Society is in mid-metamorphosis.
And much of the modification relates to language.
It’s a curious revolution, as what we call something has no impact on what something is.
For instance, if I want a car to be a truck and therefore call it such, I’ve merely changed the meaning of the word.
The new definition: car.
The above could be applied to many things, particularly in politics.
And though shifting syllables does nothing to alter actuality, the world is fighting over phonics.
Amid the battle comes medical journal The Lancet, which recently heralded its new edition.
On September 24th, the publication tweeted, “Our new issue is here! On the cover — ‘Periods on display’ and the cultural movement against menstrual shame and #PeriodPoverty.”
Accompanied was a quote:
“Historically, the anatomy and physiology of bodies with vaginas have been neglected.”
As you’re likely aware, an avoidance of the word “woman” is quickly gaining ground.
Related labels are also being liquidated.
Earlier this month, Florida International University issued its “Inclusive Language Guide,” which forbade students and staff from saying “ladies and gentlemen,” “she” or “he,” and “mother” or “father.”
Even the government’s in on the act — on April 29th, the Federal Reserve’s Board of Governors touted a terminology overhaul.
Nixed: sex-specific pronouns.
And Joe Biden’s summertime budget spoke of “birthing people.”
On the scientific scene, two UK hospitals have championed “desexed or gender-inclusive language.”
Among other identified expressions, abolished is “breastfeeding.”
And in July, The Practising Midwife made a monumental move:
Back to The Lancet, its cover’s statement was from the article “Periods on Display.”
Online, not everyone gushed with approval.
A sampling of the shoot-downs:
“Are we just supposed to accept this? … Are we really just ‘bodies with vaginas’ to medical professionals?”
“Bodies with vaginas? … You can’t write that and then talk about menstrual shame in the same sentence.”
“‘Bodies with vaginas’ is the language of serial killers.”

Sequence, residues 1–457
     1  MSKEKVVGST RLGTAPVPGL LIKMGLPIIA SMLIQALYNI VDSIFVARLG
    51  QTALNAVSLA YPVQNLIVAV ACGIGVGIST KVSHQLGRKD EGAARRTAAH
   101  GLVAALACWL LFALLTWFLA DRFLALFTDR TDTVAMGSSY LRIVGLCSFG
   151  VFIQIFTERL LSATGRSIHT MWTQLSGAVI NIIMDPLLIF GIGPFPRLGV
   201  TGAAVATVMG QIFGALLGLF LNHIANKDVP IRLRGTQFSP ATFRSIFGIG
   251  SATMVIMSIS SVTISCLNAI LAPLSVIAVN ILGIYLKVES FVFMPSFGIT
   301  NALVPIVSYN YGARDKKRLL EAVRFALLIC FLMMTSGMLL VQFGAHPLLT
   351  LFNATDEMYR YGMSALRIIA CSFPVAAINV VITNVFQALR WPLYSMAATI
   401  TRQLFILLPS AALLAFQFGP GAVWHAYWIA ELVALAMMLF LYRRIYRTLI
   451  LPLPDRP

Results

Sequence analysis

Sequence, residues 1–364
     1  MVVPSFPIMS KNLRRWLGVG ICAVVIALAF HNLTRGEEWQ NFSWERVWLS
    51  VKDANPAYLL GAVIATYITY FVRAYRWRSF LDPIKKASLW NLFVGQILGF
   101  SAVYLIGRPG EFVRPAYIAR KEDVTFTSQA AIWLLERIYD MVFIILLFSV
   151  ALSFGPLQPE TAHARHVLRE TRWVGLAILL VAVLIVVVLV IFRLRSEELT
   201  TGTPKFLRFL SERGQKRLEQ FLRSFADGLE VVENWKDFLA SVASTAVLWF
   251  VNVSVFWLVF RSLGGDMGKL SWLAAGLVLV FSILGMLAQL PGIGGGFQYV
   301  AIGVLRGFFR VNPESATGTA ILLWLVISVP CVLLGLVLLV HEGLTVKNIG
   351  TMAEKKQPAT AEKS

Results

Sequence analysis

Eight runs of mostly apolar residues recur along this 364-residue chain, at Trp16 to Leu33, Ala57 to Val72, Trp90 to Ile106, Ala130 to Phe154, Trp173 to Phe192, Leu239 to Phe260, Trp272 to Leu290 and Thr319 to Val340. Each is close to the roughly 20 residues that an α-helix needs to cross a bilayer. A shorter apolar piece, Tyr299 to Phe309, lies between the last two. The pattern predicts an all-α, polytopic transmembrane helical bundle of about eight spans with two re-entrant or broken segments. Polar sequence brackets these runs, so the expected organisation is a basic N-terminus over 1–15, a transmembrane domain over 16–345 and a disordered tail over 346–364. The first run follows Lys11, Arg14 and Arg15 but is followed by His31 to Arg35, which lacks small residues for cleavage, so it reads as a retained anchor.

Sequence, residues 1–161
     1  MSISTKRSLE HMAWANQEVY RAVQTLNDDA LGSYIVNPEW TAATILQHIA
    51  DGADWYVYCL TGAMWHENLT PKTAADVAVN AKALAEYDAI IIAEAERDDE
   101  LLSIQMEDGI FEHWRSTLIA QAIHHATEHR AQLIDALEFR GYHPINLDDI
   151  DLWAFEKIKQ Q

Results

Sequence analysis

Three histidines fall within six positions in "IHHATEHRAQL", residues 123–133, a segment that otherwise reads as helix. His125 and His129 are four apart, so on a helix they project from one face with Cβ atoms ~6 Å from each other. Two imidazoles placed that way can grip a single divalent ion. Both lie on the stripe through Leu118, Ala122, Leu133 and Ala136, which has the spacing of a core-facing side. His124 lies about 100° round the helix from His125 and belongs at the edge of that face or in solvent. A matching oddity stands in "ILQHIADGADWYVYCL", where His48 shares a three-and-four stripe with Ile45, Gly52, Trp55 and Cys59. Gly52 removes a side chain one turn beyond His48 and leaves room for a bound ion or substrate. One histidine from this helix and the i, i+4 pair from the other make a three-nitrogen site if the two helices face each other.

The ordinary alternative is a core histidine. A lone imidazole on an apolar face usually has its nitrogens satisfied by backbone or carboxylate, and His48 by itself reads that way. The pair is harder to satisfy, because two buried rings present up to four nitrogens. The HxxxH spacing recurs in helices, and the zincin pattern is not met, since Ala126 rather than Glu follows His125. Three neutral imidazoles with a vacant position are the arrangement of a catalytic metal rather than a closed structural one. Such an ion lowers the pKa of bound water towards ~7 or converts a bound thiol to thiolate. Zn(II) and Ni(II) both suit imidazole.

“Does @TheLancet have no shame about dehumanizing living, breathing, thinking, feeling women as mere ‘bodies with vaginas’?”
“I hope that one day medical science will discover a name for ‘bodies with vaginas.’ Dr. Fauci, the vicar of science on earth, might help.”
Hence, on Monday, Editor-in-Chief Richard Horton commented on the kerfluffle.
His statement, in part:
The Lancet strives for maximum inclusivity of all people in its vision for advancing health. In this instance, we have conveyed the impression that we have dehumanized and marginalized women. Those who read The Lancet regularly will understand that this would never have been our intention.
A mea culpa was served.
I apologize to our readers who were offended by the cover quote and the use of those same words in the review.
But don’t get it twisted:
At the same time, I want to emphasize that transgender health is an important dimension of modern health care, but one that remains neglected.
“Trans people,” he asserted, “regularly face stigma, discrimination, exclusion, and poor health, often experiencing difficulties accessing appropriate health care.”
The “bodies” quote, he explained, was a “compelling call to empower women, together with non-binary, trans, and intersex people who have experienced menstruation, and to address the myths and taboos that surround menstruation.”
What of the taboos surrounding “woman”?
Those, if I had to guess, won’t be so much emphatically addressed as avoided — as we continue our cultural hard reset.
Meanwhile, stigma associated with menstruation, Richard said, demands “serious action.
The outlet is fighting “menstrual shame and period poverty.”
And if you’re unfamiliar, per Global Citizen, the aforementioned poverty indicates “a lack of access to sanitary products, menstrual hygiene education, toilets, hand washing facilities, and, or, waste management.”
That’s certainly something we should oppose — for bodies with menstruation, which are sometimes bodies with breasts, which are generally bodies with vaginas.
There are all kinds of bodies — our new era’s made it so.
Just ask a British Member of Parliament:
Update your utterances accordingly.
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